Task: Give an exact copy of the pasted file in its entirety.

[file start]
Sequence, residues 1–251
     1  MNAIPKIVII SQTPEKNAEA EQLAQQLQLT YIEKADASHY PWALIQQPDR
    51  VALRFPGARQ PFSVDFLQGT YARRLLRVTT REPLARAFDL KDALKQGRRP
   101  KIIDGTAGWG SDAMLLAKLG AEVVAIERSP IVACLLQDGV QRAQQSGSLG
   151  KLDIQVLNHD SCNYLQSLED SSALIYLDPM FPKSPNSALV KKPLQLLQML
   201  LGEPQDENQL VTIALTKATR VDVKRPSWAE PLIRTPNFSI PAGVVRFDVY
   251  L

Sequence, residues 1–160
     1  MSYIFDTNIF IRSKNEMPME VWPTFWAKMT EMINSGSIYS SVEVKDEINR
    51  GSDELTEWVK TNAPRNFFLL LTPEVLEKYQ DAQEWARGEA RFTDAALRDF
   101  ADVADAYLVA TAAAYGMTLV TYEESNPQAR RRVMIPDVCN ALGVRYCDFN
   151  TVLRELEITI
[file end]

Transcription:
Sequence, residues 1–251
     1  MNAIPKIVII SQTPEKNAEA EQLAQQLQLT YIEKADASHY PWALIQQPDR
    51  VALRFPGARQ PFSVDFLQGT YARRLLRVTT REPLARAFDL KDALKQGRRP
   101  KIIDGTAGWG SDAMLLAKLG AEVVAIERSP IVACLLQDGV QRAQQSGSLG
   151  KLDIQVLNHD SCNYLQSLED SSALIYLDPM FPKSPNSALV KKPLQLLQML
   201  LGEPQDENQL VTIALTKATR VDVKRPSWAE PLIRTPNFSI PAGVVRFDVY
   251  L

Sequence, residues 1–160
     1  MSYIFDTNIF IRSKNEMPME VWPTFWAKMT EMINSGSIYS SVEVKDEINR
    51  GSDELTEWVK TNAPRNFFLL LTPEVLEKYQ DAQEWARGEA RFTDAALRDF
   101  ADVADAYLVA TAAAYGMTLV TYEESNPQAR RRVMIPDVCN ALGVRYCDFN
   151  TVLRELEITI